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At 11 months

At eleven months, my son has learned that, if he claps his hands and laughs, then all the adults around him will do the same. He has also learned to extend a morsel of food to your mouth, thereby inducing chopping and slurping sounds from the otherwise serious and self-controlled.

He has decided that he is too big for a bottle. He began taking his mother’s pumped breast milk in a Sippy cup. Just recently, he has concluded this is too juvenile as well and now will only drink with the top off.

He has taken an active interest in our dog’s nutrition. He magnanimously drops care packages from his highchair above.

At eleven months, he looks at books with studied concentration, deciphering those squiggly lines and brightly colored pictures. He subtly and craftily informs his father that the book is finished by promptly tossing it across the room.

Speaking of that, he seems to think that all objects have been placed on tables in order for him to re-arrange them on the floor below. He is quite the interior decorator.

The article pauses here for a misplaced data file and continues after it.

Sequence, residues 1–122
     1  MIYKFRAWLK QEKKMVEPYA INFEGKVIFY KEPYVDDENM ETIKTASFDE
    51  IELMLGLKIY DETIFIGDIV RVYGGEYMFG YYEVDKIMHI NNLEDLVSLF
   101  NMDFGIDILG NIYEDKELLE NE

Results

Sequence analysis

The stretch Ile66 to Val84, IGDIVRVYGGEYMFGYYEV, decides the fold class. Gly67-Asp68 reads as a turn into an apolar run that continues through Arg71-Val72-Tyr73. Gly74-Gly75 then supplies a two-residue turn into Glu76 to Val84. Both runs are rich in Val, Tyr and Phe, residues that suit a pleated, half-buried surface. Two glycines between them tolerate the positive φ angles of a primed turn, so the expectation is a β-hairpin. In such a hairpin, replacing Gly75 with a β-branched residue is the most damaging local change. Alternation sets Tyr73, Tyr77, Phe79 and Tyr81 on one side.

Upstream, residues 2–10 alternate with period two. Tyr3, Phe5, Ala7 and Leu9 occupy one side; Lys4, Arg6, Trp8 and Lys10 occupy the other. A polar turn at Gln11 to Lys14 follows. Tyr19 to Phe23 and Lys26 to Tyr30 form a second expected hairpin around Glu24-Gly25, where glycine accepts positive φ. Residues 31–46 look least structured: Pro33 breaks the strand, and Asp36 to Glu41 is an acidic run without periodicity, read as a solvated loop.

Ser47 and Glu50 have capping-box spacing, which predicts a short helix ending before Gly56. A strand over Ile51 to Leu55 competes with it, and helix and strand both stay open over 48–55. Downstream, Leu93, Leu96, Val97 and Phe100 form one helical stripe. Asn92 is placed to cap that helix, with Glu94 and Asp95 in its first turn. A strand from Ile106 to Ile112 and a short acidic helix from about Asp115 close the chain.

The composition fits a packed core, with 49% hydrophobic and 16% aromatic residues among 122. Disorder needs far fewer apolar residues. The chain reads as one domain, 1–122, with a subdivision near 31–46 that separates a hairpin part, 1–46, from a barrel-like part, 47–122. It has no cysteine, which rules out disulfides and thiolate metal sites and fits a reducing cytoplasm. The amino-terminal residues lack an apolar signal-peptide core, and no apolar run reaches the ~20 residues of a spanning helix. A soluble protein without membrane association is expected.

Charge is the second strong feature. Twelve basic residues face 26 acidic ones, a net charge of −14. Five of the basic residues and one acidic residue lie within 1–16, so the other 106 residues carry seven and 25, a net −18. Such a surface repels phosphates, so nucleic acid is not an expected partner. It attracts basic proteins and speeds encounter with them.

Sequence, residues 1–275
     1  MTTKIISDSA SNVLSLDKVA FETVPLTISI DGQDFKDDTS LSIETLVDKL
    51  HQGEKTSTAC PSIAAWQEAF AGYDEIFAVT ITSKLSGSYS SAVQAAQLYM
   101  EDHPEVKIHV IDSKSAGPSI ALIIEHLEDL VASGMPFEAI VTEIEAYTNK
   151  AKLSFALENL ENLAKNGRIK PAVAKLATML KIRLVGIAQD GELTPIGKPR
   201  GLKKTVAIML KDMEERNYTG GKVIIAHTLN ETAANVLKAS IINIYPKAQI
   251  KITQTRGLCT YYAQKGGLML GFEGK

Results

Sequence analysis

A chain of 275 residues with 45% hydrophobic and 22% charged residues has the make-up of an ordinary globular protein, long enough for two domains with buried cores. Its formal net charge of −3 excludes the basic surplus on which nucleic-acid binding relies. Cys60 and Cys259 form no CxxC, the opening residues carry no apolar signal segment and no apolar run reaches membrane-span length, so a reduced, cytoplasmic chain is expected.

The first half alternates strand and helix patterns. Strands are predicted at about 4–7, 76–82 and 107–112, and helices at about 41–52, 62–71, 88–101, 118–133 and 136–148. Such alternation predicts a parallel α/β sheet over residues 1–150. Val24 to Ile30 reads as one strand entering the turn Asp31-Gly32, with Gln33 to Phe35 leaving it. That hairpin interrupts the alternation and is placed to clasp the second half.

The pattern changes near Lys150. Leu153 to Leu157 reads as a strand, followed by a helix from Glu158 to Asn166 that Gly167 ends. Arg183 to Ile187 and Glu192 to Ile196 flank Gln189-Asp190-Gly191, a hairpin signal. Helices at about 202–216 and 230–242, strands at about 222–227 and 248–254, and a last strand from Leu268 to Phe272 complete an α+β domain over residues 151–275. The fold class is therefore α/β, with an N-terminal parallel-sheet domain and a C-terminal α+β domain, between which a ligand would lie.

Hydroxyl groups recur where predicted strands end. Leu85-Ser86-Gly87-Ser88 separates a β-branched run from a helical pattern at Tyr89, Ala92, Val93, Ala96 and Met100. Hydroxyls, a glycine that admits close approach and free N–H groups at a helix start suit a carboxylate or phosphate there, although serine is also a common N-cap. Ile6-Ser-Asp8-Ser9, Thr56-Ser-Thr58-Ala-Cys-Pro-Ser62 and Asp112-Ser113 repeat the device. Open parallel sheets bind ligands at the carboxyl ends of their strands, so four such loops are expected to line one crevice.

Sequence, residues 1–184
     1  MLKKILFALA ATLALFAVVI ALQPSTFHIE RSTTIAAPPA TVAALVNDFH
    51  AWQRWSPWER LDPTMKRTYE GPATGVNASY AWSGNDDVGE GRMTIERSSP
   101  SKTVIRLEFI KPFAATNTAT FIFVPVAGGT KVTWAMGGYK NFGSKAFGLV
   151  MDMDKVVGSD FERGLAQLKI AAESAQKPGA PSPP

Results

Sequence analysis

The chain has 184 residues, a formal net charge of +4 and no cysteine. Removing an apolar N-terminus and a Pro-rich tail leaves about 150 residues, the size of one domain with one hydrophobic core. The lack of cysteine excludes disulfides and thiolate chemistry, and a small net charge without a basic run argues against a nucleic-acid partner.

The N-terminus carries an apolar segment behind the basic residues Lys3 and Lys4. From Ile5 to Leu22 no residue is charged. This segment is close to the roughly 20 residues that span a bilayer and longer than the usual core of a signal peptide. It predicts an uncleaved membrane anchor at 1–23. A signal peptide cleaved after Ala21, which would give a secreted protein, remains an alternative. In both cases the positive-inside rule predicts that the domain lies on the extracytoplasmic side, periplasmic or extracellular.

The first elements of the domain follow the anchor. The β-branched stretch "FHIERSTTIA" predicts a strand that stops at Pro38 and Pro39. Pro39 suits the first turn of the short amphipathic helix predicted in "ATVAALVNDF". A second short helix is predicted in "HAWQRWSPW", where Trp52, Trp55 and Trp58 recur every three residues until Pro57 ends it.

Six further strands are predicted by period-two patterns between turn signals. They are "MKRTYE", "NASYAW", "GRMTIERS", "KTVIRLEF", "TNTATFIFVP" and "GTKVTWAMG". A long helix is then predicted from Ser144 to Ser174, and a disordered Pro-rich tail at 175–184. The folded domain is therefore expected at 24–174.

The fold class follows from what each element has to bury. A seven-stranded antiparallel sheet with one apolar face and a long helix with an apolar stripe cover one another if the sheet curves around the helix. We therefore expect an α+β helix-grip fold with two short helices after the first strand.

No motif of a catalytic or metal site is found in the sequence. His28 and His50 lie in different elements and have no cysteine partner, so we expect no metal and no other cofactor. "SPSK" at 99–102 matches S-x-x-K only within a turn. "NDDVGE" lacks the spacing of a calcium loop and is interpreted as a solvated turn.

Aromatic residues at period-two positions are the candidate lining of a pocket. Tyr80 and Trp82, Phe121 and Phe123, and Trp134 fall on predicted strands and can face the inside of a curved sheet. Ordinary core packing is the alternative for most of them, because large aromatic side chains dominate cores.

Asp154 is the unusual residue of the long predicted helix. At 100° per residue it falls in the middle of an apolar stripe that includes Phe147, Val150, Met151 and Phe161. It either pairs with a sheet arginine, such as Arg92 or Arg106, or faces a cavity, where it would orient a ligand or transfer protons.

Most of all, he likes to walk. Well, he likes to be walked, by which an adult supports him by holding on to one hand. He motors around and around and around the room until your back starts to hurt, especially if you are six feet and three inches tall; and so, you let go – gently of course – and he plops down on the ground on his padded behind. He’s fine, just fine thank you, but so, so mad that he starts to cry until you relent and allowed yourself to be walked again.

I’m sure it is occasionally frustrating for him to know exactly what he wants all of the time and occasionally have to put up with such uncooperative parents, but I think that he is training us pretty well. After all, he’s only been on the job for eleven months.

Today, I walked to the office as I have done so many months previously. But after eleven months of learning, I noticed a butterfly flittering back and forth along the gravel road just ahead. I was aware of the freshly fallen leaves crunching underfoot, a song in time with the rhythm of my footsteps. I observed the sunlight sparkling magically through the empty spaces in the trees where those leaves had been. At eleven months, I am thankful for all that he has taught me.

About Andrew Taylor-Troutman

I am a pastor and a preacher, a writer, a husband and a father. My professional and personal lives are deeply involved with story-telling: stories that are silly and poignant or profound and commonplace. Stories that are tear-jerkers and belly-shakers. Stories about my son, Sam, and the congregation I serve, New Dublin Presbyterian Church. Each in its own way, these personal narratives shed light on the great story that God is writing with humankind and all of creation.

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